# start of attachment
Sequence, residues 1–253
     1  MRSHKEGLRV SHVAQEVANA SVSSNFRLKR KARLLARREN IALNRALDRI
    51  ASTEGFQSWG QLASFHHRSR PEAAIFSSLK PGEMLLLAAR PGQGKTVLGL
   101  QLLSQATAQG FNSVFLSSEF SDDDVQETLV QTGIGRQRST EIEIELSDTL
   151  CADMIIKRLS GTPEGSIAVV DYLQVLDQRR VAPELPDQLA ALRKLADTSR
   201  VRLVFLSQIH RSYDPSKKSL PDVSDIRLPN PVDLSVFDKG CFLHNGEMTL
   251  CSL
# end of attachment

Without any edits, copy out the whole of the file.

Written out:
Sequence, residues 1–253
     1  MRSHKEGLRV SHVAQEVANA SVSSNFRLKR KARLLARREN IALNRALDRI
    51  ASTEGFQSWG QLASFHHRSR PEAAIFSSLK PGEMLLLAAR PGQGKTVLGL
   101  QLLSQATAQG FNSVFLSSEF SDDDVQETLV QTGIGRQRST EIEIELSDTL
   151  CADMIIKRLS GTPEGSIAVV DYLQVLDQRR VAPELPDQLA ALRKLADTSR
   201  VRLVFLSQIH RSYDPSKKSL PDVSDIRLPN PVDLSVFDKG CFLHNGEMTL
   251  CSL